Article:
As before, Cisneros uses Clemencia in “Never Marry a Mexican” to represent La Malinche. Clemencia abuses her power to use her ex-lovers’ son to impose revenge on her dead mother and post lover. She states that “my mothers’ memory is like… if something already dead dried up and fell off, and I stopped missing where she used to be.” This goes to show that Clemencia disliked her mothers actions, of cheating on her father, causing resentment towards her. In that same way, La Malinche may have resented being sold as a slave by her own people. Yet, by Clemencia not resolving her issues with her mother, she inevitably became the mother she so disliked. One of the main things that bothered Clemencia was that her mother began to see another man, while her father was sick and dying. Still, Clemencia, as an adult, did something similar by sleeping with Drew, her ex-lover, on the night that his wife was giving birth. Clemencia felt betrayed by her mother, then by her lover who manipulated his place of power, and finally by herself by doing exactly what was done to her.
In the story of La Malinche, she was first betrayed by her own people, being sold as a slave, and when her people betrayed political alliances with the conquistadors, then later she betrayed her people by fooling their plan, causing their slaughter. Yet, instead of ending Clemencia with a murder charge, she leads her to gain some power back by sleeping with her ex-lovers son and extinguishing her revenge. This may not be a traditional sparkles and glitter outcome, but its transformative nature did allow her to gain power without the complete annihilation of a mass of people.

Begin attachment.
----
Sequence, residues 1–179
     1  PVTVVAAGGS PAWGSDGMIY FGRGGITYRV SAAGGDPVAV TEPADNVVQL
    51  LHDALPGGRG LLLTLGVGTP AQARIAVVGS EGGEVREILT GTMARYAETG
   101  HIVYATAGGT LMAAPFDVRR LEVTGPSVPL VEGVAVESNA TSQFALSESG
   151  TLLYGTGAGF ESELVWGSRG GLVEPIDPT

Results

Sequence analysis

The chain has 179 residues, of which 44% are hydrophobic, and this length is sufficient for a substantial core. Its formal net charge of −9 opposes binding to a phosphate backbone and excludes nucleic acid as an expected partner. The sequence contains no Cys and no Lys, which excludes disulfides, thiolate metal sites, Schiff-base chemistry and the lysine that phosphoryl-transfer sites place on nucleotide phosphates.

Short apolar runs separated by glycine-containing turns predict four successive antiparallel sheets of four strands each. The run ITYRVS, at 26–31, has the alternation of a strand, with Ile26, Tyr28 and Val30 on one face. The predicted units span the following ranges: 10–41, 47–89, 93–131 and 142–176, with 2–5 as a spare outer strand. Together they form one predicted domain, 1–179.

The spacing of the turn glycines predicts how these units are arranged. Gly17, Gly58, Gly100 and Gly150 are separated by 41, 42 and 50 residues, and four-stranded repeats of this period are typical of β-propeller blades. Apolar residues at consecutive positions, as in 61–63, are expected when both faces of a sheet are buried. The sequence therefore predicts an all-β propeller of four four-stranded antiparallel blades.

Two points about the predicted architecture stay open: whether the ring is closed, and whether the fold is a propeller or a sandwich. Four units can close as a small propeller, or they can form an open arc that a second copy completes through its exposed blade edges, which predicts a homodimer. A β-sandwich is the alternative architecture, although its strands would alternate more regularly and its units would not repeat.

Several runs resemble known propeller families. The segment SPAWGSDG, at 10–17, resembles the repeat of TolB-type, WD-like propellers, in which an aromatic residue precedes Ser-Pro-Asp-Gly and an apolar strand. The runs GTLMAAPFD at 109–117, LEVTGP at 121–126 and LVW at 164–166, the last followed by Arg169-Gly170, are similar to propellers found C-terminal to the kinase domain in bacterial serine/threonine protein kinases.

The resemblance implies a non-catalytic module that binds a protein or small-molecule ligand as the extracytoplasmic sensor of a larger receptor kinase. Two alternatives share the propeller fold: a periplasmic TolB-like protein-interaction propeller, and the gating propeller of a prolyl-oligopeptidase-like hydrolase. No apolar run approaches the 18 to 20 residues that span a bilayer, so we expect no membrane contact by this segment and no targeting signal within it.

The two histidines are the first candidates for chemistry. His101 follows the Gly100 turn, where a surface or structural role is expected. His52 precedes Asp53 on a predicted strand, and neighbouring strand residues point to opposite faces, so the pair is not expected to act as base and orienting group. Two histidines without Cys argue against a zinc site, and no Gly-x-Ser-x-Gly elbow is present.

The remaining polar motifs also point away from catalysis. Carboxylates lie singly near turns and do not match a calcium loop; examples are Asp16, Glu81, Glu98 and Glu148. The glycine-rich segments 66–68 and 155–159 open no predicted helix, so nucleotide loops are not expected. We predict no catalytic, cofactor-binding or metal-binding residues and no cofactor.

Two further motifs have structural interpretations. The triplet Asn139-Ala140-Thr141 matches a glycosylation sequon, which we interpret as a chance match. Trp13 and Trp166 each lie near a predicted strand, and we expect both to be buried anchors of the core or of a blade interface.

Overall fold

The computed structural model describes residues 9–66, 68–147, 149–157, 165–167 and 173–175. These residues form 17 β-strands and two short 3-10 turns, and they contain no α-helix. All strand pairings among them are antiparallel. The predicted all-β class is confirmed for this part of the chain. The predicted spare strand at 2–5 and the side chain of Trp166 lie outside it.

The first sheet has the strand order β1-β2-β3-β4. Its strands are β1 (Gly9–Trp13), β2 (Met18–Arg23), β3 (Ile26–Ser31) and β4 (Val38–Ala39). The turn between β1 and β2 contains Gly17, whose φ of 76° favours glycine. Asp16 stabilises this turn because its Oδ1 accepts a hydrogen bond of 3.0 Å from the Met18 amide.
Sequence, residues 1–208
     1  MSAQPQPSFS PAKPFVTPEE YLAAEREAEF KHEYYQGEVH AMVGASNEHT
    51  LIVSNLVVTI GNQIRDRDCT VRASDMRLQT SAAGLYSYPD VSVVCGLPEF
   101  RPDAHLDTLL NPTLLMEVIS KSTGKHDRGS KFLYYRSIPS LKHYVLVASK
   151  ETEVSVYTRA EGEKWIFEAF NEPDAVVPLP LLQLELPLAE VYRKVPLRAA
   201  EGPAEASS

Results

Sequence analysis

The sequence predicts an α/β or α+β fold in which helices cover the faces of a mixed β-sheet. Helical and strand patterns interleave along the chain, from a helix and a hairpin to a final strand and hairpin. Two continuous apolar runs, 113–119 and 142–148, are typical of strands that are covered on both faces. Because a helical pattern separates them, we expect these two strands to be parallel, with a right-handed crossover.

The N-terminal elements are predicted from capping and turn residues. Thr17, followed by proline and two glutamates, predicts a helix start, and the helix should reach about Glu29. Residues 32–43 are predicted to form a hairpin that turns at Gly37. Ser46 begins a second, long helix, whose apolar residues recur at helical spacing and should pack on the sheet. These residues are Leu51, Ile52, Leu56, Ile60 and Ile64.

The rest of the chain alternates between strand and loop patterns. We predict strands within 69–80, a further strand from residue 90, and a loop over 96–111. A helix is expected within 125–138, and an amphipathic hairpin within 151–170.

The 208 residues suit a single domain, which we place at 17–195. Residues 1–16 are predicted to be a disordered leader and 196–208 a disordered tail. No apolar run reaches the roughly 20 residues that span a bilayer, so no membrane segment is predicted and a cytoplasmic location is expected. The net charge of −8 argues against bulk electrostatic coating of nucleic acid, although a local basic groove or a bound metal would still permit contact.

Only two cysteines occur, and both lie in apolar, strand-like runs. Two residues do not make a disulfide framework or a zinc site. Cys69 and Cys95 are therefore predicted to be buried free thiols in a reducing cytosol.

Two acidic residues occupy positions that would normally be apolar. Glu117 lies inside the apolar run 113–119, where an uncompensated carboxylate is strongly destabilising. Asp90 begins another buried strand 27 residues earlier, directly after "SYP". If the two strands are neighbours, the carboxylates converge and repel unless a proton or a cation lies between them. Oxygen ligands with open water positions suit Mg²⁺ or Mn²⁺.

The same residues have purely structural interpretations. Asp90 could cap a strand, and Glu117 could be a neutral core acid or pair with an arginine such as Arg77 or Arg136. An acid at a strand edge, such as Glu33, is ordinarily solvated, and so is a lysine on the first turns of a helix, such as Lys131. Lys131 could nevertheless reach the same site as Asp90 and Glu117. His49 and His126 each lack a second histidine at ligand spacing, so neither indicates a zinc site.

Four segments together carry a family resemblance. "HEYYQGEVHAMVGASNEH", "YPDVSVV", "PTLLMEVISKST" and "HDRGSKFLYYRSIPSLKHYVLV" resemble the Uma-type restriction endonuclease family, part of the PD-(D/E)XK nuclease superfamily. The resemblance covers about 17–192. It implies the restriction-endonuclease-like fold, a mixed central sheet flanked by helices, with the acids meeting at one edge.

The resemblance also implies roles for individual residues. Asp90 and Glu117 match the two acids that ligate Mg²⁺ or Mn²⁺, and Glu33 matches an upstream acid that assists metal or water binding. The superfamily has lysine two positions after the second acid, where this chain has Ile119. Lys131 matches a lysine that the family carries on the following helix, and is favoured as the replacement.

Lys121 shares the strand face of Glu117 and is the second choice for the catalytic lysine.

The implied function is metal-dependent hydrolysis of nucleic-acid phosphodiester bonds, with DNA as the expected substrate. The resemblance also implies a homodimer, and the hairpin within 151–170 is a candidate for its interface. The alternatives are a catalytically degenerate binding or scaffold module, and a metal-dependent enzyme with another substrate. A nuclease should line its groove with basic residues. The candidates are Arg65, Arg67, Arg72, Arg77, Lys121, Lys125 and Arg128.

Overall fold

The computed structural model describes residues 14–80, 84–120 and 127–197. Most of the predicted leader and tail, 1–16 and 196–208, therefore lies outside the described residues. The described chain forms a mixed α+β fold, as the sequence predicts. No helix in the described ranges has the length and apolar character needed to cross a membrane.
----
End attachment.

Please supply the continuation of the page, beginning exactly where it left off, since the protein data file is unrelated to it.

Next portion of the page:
Both these women faced strong implications from traditional cultures, causing them to become the stronger version of themselves for the better. Cisneros uses tales of previous female Hispanic figures to not only grasp the need for more positive outcomes, but to also communicate the struggle of power dynamics in toxic relationships, and how certain choices can lead to happy endings that these women desire. Just not in the traditional sense of happy endings, for Clemencia to escape her abusive husband and Cleόfilas to establish dominance over Drews abuse in power.
Bradley, Laura. “The Curse of La Llorona: The Real Legend Behind the Horror Film.” The Curse of La Llorona: The Real Legend Behind the Horror Film, Vanity Fair, 19 Apr. 2019, http://www.vanityfair.com/hollywood/2019/04/la-llorona-real-mexican-legend-curse-of-la-llorona-movie.
Cisneros, Sandra. Woman Hollering Creek and Other Stories. Random House, 1991, New york
“La Malinche.” Spanish Conquest of Mexico – Don Quijote,